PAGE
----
Bible is a terrific source for history and political analysis, often in the passages least quoted today.
Barry Rubin has posted a Weekend Essay: Biblical Lessons on Foreign Policy and Statism
The first example Rubin gives is from the Chapter 8 of the Book Of Samuel, which teaches us about the evils of statism:
This view in the Bible is balanced the end of the Book of Judges, which relates the disastrous effects of anarchy -- while noting that there was no king in those days, allowing people to do what they wanted to do.“Plow his fields, reap his harvest, and make his weapons and equipment for his chariots. He will take your daughters as perfumers, cooks, and bakers. He will seize your choice fields, vineyards, and olive groves, and give them to his courtiers [crony capitalism!]. He will take a tenth part of your grain and vintage [far lower taxes than today!] and give it to his eunuchs and courtiers [entitlements? Crony capitalism?].”In short, he would make the people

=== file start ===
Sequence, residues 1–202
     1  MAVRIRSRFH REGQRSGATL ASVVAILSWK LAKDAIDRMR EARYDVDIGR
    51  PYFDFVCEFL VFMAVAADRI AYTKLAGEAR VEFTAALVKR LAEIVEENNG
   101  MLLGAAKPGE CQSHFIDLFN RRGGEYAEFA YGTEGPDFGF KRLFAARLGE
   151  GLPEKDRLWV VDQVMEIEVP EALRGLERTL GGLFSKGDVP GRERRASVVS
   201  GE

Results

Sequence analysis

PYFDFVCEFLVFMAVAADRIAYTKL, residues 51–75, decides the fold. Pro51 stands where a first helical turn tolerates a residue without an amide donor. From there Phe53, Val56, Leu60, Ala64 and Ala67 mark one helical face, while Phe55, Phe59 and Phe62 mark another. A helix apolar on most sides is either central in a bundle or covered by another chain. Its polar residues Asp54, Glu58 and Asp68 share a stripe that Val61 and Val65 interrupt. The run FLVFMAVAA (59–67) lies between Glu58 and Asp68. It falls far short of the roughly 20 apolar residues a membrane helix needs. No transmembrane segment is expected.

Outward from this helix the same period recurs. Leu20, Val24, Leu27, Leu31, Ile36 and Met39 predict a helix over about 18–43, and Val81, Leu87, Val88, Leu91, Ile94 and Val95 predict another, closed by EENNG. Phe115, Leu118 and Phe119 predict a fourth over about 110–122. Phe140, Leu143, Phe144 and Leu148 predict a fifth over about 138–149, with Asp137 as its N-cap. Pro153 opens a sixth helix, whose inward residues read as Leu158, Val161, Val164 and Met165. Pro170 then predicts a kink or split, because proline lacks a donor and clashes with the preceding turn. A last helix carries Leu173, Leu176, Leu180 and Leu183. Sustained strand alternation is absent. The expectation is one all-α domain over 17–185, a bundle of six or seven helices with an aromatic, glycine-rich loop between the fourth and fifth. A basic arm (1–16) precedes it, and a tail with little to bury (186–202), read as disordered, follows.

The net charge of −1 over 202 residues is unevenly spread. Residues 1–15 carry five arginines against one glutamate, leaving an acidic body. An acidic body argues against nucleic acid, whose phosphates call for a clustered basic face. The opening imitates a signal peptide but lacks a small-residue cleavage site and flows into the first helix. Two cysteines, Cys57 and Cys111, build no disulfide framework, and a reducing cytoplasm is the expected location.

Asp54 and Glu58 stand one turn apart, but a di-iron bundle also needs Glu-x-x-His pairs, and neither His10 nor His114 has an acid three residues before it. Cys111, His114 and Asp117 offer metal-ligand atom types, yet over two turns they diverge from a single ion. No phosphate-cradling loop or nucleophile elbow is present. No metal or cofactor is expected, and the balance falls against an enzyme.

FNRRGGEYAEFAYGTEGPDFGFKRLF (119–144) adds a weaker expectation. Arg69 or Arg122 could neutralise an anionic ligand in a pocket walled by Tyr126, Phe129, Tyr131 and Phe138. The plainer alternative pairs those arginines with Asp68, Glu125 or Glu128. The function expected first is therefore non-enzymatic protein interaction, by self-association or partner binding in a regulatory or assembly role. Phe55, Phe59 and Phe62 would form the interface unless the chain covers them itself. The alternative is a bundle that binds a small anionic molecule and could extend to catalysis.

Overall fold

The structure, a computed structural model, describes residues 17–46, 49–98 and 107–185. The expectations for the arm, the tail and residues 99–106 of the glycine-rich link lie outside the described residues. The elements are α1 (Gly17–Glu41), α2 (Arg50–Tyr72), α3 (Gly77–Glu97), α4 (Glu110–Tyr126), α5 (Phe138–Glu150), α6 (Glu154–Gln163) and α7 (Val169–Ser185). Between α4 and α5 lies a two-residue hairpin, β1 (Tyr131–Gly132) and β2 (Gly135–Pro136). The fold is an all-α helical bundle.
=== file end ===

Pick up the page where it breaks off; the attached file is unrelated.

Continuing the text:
“work for him…and you shall become his slaves. The day will come when you cry out because of the king whom you yourselves have chosen [elections!]; and the Lord will not answer you on that day.”
Then there is the book of Joshua, which teaches some forgotten basics of foreign policy.
Read the whole thing.
As Rubin notes:
The basic principles of statecraft aren’t new. You can learn from the Bible that people understood four thousand years ago about things that America's current leaders have forgotten today-----
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